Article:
Let’s look at a ballet called The Dream. It is a ballet done in one act adapted from A Midsummer Night’s Dream by Shakespeare.
Ashton did the choreography and the music was by Mendelssohn arranged by Lanchbery. The decor was Henrey Barden and the costumes by David Walker.
The Dream was first performed by the Royal Ballet at Covent Garden on the 2nd of April 1964. The touring section did it for the first time on the 3rd of May 1967.
The Dream Ballet Synopsis
Oberon and Titania are quarreling over the changeling Indian Boy, so Oberon sends his sprite, Puck, to fetch a strange flower, whose juice when dropped onto the eyes during sleeping, causes the sleeper to fall in love with the first living being seen on waking.
He intends in this way to spite Titania by causing her to fall in love with some unsuitable creature.
Lysander and Hermia, who are two happy lovers and Helena and Demetrius who are two unhappy lovers enter. Oberon tells Puck to drop some of the magic essence into Demetrius’ eyes so that the unhappy pair may be reconciled.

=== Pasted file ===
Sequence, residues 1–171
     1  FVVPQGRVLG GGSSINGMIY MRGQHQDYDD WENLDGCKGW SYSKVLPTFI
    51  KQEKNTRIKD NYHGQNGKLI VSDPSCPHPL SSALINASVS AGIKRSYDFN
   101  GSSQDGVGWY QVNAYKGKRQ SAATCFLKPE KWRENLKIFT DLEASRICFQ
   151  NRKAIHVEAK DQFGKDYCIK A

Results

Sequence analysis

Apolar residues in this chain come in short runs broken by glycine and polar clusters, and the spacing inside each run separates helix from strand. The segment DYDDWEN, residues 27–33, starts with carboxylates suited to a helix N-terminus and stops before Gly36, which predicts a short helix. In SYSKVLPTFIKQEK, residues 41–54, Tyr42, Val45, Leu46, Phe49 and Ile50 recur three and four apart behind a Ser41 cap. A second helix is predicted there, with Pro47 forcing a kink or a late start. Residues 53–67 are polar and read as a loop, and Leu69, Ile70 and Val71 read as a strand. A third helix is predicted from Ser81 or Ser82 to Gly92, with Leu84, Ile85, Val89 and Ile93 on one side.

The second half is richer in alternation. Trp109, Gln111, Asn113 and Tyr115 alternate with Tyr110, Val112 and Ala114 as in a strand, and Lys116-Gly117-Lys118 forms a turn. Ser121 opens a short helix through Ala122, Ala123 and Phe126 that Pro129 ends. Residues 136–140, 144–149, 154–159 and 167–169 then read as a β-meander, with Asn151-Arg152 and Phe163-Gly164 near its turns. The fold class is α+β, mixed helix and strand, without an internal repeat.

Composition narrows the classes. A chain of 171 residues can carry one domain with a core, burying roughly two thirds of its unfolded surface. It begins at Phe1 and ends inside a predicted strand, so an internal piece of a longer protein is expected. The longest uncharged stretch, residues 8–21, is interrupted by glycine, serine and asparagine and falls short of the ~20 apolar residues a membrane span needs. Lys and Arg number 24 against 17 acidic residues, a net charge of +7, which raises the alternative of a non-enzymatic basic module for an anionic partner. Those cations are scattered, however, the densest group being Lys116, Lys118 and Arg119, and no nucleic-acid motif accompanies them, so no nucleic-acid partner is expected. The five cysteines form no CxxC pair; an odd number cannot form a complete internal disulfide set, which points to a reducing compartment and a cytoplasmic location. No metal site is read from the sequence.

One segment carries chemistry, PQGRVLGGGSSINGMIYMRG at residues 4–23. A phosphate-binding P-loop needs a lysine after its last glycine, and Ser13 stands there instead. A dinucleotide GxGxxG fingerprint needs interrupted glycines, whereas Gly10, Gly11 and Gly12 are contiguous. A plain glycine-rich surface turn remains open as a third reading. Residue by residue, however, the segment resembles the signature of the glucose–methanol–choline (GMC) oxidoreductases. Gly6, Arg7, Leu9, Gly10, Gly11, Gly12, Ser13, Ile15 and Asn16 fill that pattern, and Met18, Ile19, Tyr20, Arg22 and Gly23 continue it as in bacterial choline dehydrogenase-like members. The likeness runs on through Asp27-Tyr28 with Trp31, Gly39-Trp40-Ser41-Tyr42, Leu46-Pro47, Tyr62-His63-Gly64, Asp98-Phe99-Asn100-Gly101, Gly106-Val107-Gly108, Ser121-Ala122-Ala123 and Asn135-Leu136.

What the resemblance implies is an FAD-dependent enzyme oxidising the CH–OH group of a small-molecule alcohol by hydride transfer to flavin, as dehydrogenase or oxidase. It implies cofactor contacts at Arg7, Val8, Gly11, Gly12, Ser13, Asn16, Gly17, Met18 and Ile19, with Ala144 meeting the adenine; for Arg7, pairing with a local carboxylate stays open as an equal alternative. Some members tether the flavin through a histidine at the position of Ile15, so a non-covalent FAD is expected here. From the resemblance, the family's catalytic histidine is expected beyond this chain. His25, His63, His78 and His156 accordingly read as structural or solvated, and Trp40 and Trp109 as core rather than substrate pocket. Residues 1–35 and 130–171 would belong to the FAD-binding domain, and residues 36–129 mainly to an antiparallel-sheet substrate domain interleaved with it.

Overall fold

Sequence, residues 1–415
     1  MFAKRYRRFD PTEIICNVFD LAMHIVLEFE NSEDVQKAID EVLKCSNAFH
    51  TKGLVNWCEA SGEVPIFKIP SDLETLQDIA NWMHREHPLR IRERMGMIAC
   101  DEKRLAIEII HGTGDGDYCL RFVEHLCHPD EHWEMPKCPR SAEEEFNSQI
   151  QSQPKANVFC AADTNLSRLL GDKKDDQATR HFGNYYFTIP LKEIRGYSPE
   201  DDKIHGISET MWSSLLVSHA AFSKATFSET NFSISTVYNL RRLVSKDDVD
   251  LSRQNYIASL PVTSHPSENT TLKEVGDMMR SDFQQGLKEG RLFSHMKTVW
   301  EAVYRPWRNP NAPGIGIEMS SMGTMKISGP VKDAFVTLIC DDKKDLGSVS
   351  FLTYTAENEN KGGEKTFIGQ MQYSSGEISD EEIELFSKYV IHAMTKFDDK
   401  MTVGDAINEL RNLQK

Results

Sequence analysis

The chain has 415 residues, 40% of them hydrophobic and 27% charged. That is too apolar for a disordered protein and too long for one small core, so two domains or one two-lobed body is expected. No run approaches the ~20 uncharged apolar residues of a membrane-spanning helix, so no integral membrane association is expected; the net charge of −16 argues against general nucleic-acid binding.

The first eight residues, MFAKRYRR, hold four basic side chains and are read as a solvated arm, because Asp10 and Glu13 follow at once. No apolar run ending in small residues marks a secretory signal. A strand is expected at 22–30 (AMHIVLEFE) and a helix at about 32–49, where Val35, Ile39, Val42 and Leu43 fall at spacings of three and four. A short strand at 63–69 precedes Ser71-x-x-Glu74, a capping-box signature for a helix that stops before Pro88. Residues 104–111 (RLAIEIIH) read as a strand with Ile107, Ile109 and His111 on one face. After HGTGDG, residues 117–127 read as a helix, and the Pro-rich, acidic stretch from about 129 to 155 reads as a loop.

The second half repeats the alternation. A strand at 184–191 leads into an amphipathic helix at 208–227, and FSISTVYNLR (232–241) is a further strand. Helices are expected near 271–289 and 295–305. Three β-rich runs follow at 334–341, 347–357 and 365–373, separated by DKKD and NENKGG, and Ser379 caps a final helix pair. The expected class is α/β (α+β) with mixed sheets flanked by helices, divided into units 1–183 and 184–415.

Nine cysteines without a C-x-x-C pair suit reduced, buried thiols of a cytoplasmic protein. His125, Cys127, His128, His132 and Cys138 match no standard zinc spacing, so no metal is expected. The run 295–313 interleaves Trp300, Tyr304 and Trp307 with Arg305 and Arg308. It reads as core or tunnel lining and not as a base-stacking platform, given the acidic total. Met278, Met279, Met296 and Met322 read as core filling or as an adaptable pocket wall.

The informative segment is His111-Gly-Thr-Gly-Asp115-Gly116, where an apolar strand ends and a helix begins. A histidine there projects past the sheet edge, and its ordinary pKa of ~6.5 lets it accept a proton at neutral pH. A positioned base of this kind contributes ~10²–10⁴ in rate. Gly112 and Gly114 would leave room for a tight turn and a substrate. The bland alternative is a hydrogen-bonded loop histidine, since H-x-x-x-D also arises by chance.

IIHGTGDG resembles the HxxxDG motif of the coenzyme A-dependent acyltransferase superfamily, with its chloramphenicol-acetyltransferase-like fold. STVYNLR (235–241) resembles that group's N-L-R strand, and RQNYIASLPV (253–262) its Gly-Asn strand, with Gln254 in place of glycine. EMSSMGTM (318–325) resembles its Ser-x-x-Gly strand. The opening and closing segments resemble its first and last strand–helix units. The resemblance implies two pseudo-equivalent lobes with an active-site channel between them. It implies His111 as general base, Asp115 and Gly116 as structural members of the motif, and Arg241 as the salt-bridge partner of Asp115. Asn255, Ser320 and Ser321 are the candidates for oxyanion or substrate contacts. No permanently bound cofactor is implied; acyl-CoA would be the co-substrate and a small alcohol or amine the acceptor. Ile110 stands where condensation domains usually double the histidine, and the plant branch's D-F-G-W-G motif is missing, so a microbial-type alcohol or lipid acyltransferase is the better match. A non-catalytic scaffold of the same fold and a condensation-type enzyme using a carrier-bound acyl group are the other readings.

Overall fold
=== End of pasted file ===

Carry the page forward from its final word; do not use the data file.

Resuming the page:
Oberon, meantime squeezes the magic flower over Titania’s eyes and causes her to be awakened by the course rustic, Bottom, on whom Puck fixes an ass’s head, which scares Bottom’s companions, who flee into the forest. Titania wakes and falls in love with Bottom, but Puck has charmed the wrong human lover and Oberon, by endeavoring to redress this mistake, brings it about that both Lysander and Demetrius are in love with poor Helena, while Hermia is unloved.
To fix this mess, Oberon arranging that Lysander on waking shall first see Hermia and fall back in love with her, Titania is shown the ass-headed Bottom, is reconciled with Oberon and gives him the Indian Boy. The lovers wake to happiness, and Bottom, with his human head restored, is left to puzzle out what seems to him a dream.
This is the American Ballet Theater dancing this enchanting ballet.
For nearly two hundred years Shakespeare’s plays have attracted choreographers who have hoped, usually in vain, to transpose both the poetry and the action into dance.
With the play treated simply as a scenario success has been possible, although the merit lies in setting this dramatic skeleton dancing when the original offers poetic flesh as well is highly arguable.
To translate Shakespeare’s writing into dances, to devise movement able to capture or mirror its verbal splendor, demands a genius denied all but the greatest choreographers.
The three Shakespeare works that the Royal Ballet offered as its contribution at the Quarter Centenary celebrations in 1964 were notable for the originality with which the adaptation to the lyric stage was achieved.
They were Hamlet, Images of Love and A Midsummer Nights Dream. Ashton was a genius in creating all of these ballets and giving them poetic justice.